Hours after she is released from military prison, Nur, who was arrested along with her cousin Ahed following the release of a now-viral video, speaks about her arrest, her time in prison, and why she isn’t deterred.
By Oren Ziv
“It’s normal, it happens every day in Palestine, that soldiers enter our village and our homes. But this time, the Israeli media made a big deal about the story and it got a lot of shares on social media,” Nur Tamimi said in an interview with +972 Magazine, hours after she was released from prison last Friday. Tamimi, 21, from Nabi Saleh, was arrested nearly two weeks ago following the publication of a video showing her and her cousin, Ahed, attempting to push soldiers off of the porch of the Tamimi family’s home. Ahed, 16, and her mother, Nariman, have been denied bail and remain in prison as they await trial.
On Thursday around midnight, after the Israeli military court of appeals rejected the prosecution’s appeal against her release, Nur was taken from the Sharon Prison to the Jabara checkpoint, and then to her home, where her family was waiting for her.
I spoke with Nur on Friday morning at her home, where her relatives, supporters, and Palestinian media had gathered. Among the visitors who came to support Nur was Mohammed Tamimi, 15, whom Israeli soldiers shot in the head with a rubber-coated bullet an hour or so before the now-famous video of Ahed and Nur was filmed. The weather was stormy, and so there wasn’t a protest in the village like most Fridays. Nevertheless, Israeli soldiers were deployed at the entrance to Nabi Saleh — presumably to remind the residents what would happen if someone dared step outside despite the rain.
“It was not an easy arrest because it was my first, but in jail I met many women who for many years have been fighting for their day-to-day survival there,” she said. “The most difficult experience was being in the prisoner transport vehicle. They would take us from the Sharon Prison at two in the morning and bring us back at 11 at night. We spent most of the time before and after the hearings in those vehicles, where it’s very cold and there’s no access to food, water, or restrooms.” Ahed was held in a cell separate from the other jailed Tamimi women because she is minor. Nur hardly saw Ahed in prison, but the last time she did, she recalled that Ahed appeared “strong and in high spirits.”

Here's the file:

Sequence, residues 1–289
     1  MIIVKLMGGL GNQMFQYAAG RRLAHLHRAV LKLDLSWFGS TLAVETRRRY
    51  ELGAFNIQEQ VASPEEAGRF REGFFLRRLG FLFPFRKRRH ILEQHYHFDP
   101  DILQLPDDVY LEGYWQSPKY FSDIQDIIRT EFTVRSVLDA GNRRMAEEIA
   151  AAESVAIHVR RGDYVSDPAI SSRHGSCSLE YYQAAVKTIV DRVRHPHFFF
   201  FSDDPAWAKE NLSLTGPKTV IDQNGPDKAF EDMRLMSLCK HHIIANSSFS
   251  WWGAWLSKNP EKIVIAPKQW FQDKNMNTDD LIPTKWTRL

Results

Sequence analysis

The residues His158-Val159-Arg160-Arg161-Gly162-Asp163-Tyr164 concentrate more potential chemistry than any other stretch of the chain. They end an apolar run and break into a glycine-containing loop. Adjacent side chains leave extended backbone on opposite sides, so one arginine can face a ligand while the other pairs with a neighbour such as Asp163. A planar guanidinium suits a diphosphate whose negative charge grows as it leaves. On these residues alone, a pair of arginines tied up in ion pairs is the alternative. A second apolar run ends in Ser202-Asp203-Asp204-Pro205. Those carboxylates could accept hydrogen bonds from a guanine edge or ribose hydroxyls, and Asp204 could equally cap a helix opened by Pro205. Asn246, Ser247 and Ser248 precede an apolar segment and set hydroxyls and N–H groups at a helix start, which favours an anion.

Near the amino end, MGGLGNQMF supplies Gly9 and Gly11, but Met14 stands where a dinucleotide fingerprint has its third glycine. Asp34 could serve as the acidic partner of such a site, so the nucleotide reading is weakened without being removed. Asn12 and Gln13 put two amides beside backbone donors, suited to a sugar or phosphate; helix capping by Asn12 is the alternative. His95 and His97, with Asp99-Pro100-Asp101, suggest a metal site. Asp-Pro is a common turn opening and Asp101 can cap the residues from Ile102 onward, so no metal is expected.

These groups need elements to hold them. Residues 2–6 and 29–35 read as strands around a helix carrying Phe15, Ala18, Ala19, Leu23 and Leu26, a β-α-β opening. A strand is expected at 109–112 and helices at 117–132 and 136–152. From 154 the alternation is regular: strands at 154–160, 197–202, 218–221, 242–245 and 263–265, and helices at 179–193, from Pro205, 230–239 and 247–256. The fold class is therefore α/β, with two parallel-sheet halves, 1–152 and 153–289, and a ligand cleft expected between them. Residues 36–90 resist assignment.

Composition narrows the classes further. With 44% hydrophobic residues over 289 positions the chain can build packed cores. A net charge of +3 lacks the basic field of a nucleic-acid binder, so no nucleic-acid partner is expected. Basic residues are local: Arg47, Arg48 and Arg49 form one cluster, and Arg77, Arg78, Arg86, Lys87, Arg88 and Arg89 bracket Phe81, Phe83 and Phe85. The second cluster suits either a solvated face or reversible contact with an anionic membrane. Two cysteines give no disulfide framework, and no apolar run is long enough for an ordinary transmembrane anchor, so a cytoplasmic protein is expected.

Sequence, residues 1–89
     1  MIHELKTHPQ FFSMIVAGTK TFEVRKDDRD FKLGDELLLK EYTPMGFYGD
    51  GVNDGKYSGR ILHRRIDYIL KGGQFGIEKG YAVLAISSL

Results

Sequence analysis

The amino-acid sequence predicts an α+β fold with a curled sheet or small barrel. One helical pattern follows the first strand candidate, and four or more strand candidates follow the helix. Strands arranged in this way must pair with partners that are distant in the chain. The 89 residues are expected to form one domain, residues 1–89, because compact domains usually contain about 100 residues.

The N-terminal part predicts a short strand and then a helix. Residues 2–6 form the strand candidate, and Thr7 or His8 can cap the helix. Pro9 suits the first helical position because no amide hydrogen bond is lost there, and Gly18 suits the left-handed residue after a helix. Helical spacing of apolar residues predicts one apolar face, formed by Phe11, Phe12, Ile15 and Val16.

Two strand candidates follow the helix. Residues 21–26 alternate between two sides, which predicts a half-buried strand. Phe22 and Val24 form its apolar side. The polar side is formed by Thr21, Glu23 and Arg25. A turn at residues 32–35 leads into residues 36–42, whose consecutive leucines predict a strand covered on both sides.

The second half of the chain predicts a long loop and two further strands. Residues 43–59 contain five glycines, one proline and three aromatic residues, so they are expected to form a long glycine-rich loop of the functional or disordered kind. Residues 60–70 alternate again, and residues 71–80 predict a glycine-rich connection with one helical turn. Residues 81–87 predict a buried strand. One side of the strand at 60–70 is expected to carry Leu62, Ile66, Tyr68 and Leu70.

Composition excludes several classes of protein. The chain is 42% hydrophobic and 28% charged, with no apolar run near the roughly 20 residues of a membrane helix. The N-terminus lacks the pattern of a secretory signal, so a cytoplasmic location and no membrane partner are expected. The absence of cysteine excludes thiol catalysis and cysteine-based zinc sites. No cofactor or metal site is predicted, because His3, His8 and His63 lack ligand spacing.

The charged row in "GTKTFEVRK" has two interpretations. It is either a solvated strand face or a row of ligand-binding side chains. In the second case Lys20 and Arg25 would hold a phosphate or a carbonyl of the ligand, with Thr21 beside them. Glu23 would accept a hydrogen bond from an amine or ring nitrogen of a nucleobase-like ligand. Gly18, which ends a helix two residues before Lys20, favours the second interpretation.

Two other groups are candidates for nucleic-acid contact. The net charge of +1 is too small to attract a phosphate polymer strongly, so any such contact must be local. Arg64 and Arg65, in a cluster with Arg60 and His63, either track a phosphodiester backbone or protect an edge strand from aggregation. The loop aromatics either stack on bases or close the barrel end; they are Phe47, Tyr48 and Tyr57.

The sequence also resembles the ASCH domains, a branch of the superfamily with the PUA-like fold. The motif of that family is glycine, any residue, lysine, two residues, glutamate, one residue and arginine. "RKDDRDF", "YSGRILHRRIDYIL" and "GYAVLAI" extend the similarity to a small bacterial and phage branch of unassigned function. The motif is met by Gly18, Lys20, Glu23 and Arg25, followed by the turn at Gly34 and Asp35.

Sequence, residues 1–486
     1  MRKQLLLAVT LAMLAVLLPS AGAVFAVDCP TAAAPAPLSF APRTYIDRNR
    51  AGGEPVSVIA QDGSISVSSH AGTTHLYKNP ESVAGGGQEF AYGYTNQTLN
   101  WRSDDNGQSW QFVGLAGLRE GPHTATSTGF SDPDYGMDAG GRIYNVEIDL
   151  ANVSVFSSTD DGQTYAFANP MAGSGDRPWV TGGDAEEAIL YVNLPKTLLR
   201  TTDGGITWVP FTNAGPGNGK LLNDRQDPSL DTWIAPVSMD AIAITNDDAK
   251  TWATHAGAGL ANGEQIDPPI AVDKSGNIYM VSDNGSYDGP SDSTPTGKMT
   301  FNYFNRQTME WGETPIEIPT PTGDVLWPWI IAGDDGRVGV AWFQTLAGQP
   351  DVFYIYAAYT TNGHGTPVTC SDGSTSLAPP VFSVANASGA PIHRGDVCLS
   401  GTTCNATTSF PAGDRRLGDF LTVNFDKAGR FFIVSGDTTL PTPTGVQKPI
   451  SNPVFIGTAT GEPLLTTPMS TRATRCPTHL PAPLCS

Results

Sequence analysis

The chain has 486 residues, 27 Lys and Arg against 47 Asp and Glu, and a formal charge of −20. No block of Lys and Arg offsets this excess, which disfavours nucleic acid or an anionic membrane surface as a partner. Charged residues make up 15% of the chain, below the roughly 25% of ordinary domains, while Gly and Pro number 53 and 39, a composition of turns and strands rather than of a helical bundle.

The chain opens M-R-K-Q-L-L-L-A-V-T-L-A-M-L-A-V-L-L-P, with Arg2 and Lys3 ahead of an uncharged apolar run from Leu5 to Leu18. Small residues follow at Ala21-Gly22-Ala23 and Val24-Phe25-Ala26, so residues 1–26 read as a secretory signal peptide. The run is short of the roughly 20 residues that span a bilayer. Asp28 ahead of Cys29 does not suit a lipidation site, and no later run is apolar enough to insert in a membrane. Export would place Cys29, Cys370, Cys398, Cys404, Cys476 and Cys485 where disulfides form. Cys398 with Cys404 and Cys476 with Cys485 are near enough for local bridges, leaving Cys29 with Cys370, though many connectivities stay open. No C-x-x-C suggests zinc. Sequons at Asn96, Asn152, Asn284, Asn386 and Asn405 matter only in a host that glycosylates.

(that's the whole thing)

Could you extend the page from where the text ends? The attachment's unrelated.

Tamimi is well aware of how the mainstream Israeli media has covered the video and the surrounding events. “Despite the Israeli media saying that we are violent, the world understands our story — that the soldiers came to our house and that we just wanted them to leave,” she said.
“The problem is that many people just watch a few minutes of the video, and only get a partial picture of what happened. They don’t know what happened before,” Nur said of the way the video was received by the Israeli public. “Soldiers shot a child in the face in our village and he was wounded very badly and in mortal danger. It is not normal to do something like that to a child. That’s why we wanted the soldiers to leave. It was a sensitive situation.”
I asked Nur if her time in prison had given her second thoughts about confronting the soldiers. “We’re aware of the costs and there’s no regrets,” she answered without hesitation. “When we see something happen in our village, we act from the heart and not from the head — without thinking beforehand about the consequences or the results. It preserves our humanity. Time in jail doesn’t make a difference.”
Naji Tamimi, Nur’s father and a well-known activist in the popular struggle against the occupation in Nabi Saleh, who himself spent time in Israeli prison for participating in protests in the village, told +972 Magazine about the general feeling after Nur’s release. “It’s a mixed feeling: I’m happy my daughter was released, but I’m still thinking about Ahed and Nariman, who remain in prison. We also need to remember that this isn’t over for Nur. She could be arrested again. There’s an indictment and we don’t know how the legal process will end for her.”
Like Nur, Naji thinks it’s important for the wider public, and the Israeli public in particular, to “see the whole story not just the two minutes of the video that were publicized. On YouTube, there’s video from the day of the incident. They can see how the army uses violence against us. They need to see the picture in its entirety. The army is present in Nabi Saleh from 10 in the morning until five in the evening, and there’s a lot of violence.”
“The occupation itself is violence,” Naji continued. “When it threatens our lives, our homes, our children, I can’t say to someone, to Nur, for example ‘why did you push or shout?’ After all, just a few minutes earlier [soldiers] shot a 15-year-old boy and wounded him badly. We continue to struggle. We will never accept the occupation. We don’t want to be in prison, or in anywhere dangerous. We just don’t want to live under occupation.”
A version of this article also appears in Hebrew on Local Call. Read it here.